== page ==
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 Table of Contents  
LETTER TO EDITOR
Year : 2020  |  Volume : 15  |  Issue : 4  |  Page : 375

Immunoglobulin G4-Related disease, constitutional symptoms, human leukocyte antigen b27 positivity, and sacroiliitis – Reply


1 Fellow in Rheumatology, ISIC Superspeciality Hospital, New Delhi, India
2 Consultant Physician, Medanta Hospital, Gurgaon, India
3 Consultant Rheumatologist, ISIC Superspeciality Hospital, New Delhi, India

Date of Submission02-Aug-2020
Date of Acceptance02-Aug-2020
Date of Web Publication18-Dec-2020

Correspondence Address:
Dr. A N Malaviya
Consultant Rheumatologist, ISIC Superspeciality Hospital, New Delhi
India
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Source of Support: None, Conflict of Interest: None


DOI: 10.4103/injr.injr_211_20

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How to cite this article:
Verma S, Khurshid L, Voleti P R, Malaviya A N. Immunoglobulin G4-Related disease, constitutional symptoms, human leukocyte antigen b27 positivity, and sacroiliitis – Reply. Indian J Rheumatol 2020;15:375

How to cite this URL:
Verma S, Khurshid L, Voleti P R, Malaviya A N. Immunoglobulin G4-Related disease, constitutional symptoms, human leukocyte antigen b27 positivity, and sacroiliitis – Reply. Indian J Rheumatol [serial online] 2020 [cited 2021 Jan 23];15:375. Available from: https://www.indianjrheumatol.com/text.asp?2020/15/4/375/298050



Dear Editor,

We are thankful to Dr. Arun R. Chogle for his comments on our IgG4-related case-based review.[1] He has raised certain queries that we shall like to answer. Hisfirst question is regarding the diagnosis if IgG4-related disease (IgG4-RD). He has correctly mentioned that it cannot be based only the blood levels of IgG4, and we fully agree with this statement. This is why a nodule in parotid gland was biopsied that confirmed the diagnosis of IgG4-RD. Dr. Chogle seems to have missed reading the sentence “A biopsy of the parotid gland nodule showed focal periductal chronic inflammation and plasma cells that were positive for IgG as well as for IgG4[Figure 3].” The diagnosis was confirmed by appropriate histopathological examination. The second point he raised was the initiation of “immunosuppressive” drug methotrexate (MTX) with glucocorticoid. It is very unfortunate that MTX at the doses used in rheumatology practice is often wrongly labeled as being “immunosuppressive.” In this regard, in a very recent paper published on June 11, 2020 (on-line).[2] Issacs and Burmester have forcefully emphasized that widespread mistake is being committed because of confusion among many rheumatologists and physicians between drugs that are immunomodulatory versus those that are immunosuppressive. Low-dose MTX (LD-MTX; up to 20–25 mg/week) is classified as immunomodulator and not as immunosuppressive.[2] Therefore, giving chemoprophylaxis for latent tuberculosis (TB) infection (LTBI) in a patient who is not on immunosuppressive drug, would not be right. Otherwise, almost every patient with rheumatoid arthritis taking LD-MTX would have to be given LTBI chemoprophylaxis; and that is not the practice or recommendation anywhere in the world by any recognized national or international guidelines. The reference to a case published from AIIMS by Dr. Chogle is not relevant because there was no such history of TB contact in our patient. The last point made by Dr. Chogle about the rarity of encasing of aortic root that was mentioned under “Discussion” of our report. We did not find any figures or numbers in Dr. Chogle's rejoinder that refutes our statement.{Figure 3}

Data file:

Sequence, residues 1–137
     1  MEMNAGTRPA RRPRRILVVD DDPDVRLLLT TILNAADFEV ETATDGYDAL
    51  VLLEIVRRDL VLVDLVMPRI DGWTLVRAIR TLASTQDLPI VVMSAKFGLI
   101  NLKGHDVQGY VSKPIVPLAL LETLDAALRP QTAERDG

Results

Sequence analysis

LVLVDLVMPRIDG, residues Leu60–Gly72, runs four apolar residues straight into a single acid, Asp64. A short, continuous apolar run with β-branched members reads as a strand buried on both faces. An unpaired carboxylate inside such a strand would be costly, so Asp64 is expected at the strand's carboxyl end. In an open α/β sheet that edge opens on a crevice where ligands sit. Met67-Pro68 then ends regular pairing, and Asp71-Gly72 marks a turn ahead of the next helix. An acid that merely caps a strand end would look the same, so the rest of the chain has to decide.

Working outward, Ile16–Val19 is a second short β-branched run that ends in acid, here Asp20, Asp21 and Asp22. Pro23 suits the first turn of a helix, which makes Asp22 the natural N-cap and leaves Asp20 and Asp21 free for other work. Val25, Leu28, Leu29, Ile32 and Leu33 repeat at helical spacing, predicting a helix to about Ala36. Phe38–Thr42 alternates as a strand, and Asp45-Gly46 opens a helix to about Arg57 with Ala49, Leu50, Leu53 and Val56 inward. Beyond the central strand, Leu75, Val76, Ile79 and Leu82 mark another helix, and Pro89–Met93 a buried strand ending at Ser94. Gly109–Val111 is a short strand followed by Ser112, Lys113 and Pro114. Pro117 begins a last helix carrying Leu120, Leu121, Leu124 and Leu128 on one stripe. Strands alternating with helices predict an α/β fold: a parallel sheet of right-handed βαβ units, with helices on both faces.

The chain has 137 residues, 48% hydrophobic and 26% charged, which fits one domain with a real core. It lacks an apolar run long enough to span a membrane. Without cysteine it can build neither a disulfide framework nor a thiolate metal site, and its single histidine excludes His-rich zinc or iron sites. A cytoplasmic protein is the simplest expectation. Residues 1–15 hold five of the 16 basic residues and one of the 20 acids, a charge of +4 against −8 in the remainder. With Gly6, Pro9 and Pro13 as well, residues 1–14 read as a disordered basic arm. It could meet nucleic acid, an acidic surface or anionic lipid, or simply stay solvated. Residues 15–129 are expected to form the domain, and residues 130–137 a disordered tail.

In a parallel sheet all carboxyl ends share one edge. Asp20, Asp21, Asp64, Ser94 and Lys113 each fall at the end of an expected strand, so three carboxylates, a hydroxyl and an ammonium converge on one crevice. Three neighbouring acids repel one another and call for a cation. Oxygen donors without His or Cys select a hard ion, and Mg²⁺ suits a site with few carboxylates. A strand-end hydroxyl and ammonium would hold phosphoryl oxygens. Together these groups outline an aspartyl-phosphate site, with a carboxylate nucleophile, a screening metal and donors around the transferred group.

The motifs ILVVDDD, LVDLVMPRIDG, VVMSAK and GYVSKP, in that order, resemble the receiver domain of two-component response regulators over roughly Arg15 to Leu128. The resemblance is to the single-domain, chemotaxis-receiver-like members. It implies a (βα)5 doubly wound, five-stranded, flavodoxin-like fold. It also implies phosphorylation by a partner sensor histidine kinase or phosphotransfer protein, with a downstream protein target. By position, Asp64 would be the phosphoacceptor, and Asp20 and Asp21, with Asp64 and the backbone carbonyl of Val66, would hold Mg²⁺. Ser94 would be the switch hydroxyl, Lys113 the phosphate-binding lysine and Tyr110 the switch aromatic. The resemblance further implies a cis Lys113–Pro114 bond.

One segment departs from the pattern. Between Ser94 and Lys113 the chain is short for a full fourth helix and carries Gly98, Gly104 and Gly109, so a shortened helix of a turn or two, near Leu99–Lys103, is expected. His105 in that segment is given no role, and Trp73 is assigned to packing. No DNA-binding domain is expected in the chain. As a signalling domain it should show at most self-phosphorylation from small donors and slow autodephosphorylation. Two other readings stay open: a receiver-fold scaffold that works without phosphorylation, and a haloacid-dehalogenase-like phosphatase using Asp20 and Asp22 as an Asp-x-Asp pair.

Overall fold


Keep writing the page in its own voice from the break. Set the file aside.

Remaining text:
Financial support and sponsorship

Nil.

Conflicts of interest

There are no conflicts of interest.



 
  References Top

1.
Verma S, Khurshid L, Voleti PR, Malaviya AN. Immunoglobulin G4-related disease, constitutional symptoms, human leukocyte antigen b27 positivity, and sacroiliitis. J Rheumatol 2020;15:141-4.  Back to cited text no. 1
    
2.
Isaacs JD, Burmester GR. Smart battles: Immunosuppression versus immunomodulation in the inflammatory RMDs. Ann Rheum Dis 2020;79:991-3.  Back to cited text no. 2
    




 

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